# Question on fuses specifications

In the datasheet for fuses (for example, I'm looking at the Bel Fuse 0678L9150-02 -- datasheet at https://www.belfuse.com/resources/CircuitProtection/datasheets/0678L%20Jun%202016.pdf), they report the melting I²T integral (in A²·sec), but they say @ 10 In --- not sure whether the first letter is a capital-i, or lowercase-L.

1. What does In (whatever the right spelling may be) mean in this context?
2. What does the Time-Current characteristic curve tell me? For example, in the above fuse model, if I look at the 10A curve (presumably that means the curve for the fuse with 10A rating), then 20A maps to 5 sec. Does that mean that if a fixed current of 20A runs through it, after 5 sec it will blow? (understanding that this is a "theoretical" / average figure). What doesn't seem right about this is that the curves get to very high amounts of time --- I mean, it doesn't make sense that the stress would be cumulative at such a slow rate until reaching an amount of accumulated stress that makes it blow.

I guess this brings me to a more fundamental doubt I have: what does the Amp rating really relate to? Is it:

• the point at which the fuse should blow? (meaning that normal operating current should be, say, half or a tenth of that value?)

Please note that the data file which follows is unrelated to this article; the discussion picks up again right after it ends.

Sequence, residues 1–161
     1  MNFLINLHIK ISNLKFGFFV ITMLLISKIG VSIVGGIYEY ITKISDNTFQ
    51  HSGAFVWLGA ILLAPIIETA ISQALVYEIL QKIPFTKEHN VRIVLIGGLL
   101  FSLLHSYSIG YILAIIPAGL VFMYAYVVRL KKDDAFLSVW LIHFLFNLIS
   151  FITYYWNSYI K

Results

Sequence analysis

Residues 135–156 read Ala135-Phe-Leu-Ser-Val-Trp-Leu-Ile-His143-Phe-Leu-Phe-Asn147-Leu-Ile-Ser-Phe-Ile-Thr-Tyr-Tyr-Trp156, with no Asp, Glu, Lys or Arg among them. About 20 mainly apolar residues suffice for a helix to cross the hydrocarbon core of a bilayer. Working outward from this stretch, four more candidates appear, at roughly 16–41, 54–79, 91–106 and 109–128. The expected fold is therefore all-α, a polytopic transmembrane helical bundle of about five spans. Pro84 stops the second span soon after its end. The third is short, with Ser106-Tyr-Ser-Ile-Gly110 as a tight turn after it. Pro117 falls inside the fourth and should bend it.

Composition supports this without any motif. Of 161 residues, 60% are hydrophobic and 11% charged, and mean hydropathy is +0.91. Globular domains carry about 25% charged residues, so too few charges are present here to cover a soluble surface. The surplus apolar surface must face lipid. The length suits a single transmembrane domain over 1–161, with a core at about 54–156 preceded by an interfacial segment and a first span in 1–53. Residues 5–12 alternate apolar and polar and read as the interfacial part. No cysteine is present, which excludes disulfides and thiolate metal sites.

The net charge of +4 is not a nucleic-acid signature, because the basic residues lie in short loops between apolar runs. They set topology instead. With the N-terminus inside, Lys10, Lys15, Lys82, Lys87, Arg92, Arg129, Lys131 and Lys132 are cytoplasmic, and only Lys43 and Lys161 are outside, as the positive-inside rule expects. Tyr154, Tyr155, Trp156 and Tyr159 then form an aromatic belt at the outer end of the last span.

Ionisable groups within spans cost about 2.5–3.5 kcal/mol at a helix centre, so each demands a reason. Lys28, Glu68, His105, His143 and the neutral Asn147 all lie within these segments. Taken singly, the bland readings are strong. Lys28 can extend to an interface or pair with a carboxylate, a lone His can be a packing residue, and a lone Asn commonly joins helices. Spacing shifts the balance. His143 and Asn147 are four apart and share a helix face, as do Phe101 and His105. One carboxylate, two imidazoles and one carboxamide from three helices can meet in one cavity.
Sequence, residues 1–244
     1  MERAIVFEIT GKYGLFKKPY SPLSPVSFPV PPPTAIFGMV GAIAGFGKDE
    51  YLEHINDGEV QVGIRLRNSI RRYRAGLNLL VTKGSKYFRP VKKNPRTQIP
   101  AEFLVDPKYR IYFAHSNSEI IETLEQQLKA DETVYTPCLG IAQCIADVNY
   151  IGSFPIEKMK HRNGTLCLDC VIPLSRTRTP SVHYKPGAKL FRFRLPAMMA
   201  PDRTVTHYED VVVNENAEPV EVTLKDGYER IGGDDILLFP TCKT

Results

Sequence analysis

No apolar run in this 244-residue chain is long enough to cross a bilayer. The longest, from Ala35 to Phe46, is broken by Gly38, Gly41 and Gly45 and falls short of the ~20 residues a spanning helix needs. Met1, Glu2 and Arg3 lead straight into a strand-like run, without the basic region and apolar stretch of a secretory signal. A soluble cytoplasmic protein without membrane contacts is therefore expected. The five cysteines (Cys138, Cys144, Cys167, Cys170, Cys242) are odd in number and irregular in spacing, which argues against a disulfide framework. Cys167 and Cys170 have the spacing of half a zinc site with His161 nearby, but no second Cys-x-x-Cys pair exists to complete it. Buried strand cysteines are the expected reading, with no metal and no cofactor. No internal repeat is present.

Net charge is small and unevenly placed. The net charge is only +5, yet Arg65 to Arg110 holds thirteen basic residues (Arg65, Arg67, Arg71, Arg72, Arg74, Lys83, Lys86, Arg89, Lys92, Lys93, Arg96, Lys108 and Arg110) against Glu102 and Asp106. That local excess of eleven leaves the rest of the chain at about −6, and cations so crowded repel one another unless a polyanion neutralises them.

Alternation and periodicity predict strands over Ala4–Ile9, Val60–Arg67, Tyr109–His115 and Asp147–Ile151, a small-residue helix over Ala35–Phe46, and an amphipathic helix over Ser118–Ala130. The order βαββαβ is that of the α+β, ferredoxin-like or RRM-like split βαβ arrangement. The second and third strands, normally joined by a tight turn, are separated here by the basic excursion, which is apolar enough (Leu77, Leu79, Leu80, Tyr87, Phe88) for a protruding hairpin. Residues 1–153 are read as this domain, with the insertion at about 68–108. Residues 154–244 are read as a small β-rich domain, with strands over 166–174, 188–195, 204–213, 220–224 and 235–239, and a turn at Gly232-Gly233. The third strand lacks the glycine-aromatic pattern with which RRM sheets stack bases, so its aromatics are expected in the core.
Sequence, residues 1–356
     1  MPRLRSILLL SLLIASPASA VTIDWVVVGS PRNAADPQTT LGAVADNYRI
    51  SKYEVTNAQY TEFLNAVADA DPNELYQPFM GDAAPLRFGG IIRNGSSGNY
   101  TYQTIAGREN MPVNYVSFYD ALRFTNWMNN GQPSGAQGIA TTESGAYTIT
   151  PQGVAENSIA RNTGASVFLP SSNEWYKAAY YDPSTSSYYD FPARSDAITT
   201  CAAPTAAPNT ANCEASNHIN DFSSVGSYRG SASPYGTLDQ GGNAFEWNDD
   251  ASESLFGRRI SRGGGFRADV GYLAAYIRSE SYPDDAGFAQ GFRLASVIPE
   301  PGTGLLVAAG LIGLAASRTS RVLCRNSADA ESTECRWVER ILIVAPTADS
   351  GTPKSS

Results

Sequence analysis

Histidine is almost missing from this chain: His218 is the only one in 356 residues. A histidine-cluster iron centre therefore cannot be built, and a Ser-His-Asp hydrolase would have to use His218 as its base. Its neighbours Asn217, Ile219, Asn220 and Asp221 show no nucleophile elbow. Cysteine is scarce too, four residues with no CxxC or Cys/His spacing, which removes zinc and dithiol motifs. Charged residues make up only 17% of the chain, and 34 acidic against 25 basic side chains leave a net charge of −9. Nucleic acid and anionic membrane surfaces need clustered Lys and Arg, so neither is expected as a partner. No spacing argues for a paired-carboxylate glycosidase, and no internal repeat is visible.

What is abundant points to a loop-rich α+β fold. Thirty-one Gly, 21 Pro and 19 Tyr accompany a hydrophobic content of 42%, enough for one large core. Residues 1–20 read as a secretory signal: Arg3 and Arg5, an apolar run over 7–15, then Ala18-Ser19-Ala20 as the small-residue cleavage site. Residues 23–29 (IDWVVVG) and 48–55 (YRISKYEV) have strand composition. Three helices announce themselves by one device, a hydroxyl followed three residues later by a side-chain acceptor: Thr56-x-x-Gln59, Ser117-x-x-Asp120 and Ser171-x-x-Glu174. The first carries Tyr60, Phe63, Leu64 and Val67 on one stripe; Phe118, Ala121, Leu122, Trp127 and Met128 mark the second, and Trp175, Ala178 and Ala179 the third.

• the maximum normal operating current? (meaning that the fuse will blow when the current exceeds that value by a factor of, I dunno, 5 or 10 times that?).

I suspect that strictly speaking it is neither, and that one has to do somewhat more involved calculations?

What does In (whatever the right spelling may be) mean in this context?

It is $$\I_n\$$ and it indicates that the measurements were taken at 10x the nominal current. The best example might be the 30 A fuse. A rating of $$\1000 A^2 s\$$ means that at 300 A it should blow around 0.011 s. That lines up roughly with the graph.

What does the Time-Current characteristic curve tell me? If I look at the 10A curve [...] then 20A maps to 5 sec. Does that mean that if a fixed current of 20A runs through it, after 5 sec it will blow?

Yes.

What does the Amp rating really relate to?

The amp rating on the face of the fuse is the nominal current. A 10 A fuse can operate indefinitely at 10 A. However, as you've seen, this 10 A fuse can also operate at a steady 15 A for ~1.4 hours. All fuses are designed to open during a short circuit but the time-current characteristic will give you an idea of the rest of its operation.

Try looking at the time-current characteristics of "fast-blow" and "slow-blow" fuses. You'll find fuses that can operate at 1 A indefinitely, but will blow at 2 A within 0.1 s. It all depends on your application.